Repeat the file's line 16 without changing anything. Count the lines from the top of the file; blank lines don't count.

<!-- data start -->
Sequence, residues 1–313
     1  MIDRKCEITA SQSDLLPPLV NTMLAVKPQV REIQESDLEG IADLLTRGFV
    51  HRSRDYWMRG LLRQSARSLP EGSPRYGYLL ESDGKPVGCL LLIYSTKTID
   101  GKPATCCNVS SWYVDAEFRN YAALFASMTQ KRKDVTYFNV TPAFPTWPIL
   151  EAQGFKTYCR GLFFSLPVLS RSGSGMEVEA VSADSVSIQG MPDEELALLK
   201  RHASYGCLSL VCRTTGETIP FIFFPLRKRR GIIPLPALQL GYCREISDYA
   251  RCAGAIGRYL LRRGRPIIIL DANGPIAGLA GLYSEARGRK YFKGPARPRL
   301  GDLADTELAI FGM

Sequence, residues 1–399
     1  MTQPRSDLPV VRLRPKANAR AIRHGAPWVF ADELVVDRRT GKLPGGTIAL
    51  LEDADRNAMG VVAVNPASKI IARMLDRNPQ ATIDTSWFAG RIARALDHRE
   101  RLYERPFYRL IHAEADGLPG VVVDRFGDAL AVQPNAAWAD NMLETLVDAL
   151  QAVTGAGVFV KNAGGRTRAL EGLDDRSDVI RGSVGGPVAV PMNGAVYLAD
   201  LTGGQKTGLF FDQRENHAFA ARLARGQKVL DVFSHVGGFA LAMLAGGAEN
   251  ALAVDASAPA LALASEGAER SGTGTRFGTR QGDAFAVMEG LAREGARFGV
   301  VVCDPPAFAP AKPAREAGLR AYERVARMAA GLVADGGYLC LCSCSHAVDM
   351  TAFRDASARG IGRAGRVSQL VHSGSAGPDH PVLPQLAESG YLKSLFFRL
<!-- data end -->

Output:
   301  VVCDPPAFAP AKPAREAGLR AYERVARMAA GLVADGGYLC LCSCSHAVDM